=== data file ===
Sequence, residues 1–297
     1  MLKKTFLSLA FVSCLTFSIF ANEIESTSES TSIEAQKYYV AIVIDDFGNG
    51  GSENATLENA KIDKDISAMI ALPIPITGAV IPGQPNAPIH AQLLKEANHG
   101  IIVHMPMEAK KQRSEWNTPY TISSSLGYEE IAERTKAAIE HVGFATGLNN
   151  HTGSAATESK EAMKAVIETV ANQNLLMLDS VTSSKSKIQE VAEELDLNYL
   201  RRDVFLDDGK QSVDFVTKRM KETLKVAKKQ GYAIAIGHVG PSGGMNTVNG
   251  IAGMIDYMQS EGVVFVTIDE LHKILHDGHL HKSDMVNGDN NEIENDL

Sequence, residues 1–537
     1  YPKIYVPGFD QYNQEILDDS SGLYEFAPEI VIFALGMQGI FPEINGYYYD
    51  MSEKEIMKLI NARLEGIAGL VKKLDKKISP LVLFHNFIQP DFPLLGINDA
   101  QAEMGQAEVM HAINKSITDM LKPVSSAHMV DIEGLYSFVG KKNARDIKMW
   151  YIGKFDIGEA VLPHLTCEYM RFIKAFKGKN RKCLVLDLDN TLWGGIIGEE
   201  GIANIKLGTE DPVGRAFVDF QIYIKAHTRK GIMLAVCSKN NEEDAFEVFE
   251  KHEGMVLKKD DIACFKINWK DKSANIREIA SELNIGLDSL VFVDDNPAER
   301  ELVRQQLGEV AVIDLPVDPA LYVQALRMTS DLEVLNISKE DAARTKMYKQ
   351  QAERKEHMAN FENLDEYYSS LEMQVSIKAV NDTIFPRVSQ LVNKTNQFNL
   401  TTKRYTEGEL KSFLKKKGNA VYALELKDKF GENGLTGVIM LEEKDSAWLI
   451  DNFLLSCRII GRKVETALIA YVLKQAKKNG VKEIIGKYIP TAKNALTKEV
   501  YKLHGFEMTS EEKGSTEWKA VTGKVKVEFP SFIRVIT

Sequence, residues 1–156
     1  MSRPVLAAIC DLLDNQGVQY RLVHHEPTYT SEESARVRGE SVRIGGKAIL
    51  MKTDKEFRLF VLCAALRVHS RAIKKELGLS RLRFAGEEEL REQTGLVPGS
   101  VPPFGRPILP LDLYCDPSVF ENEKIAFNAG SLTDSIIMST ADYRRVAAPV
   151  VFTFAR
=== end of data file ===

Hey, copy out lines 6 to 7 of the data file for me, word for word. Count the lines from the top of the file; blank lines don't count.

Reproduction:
   201  RRDVFLDDGK QSVDFVTKRM KETLKVAKKQ GYAIAIGHVG PSGGMNTVNG
   251  IAGMIDYMQS EGVVFVTIDE LHKILHDGHL HKSDMVNGDN NEIENDL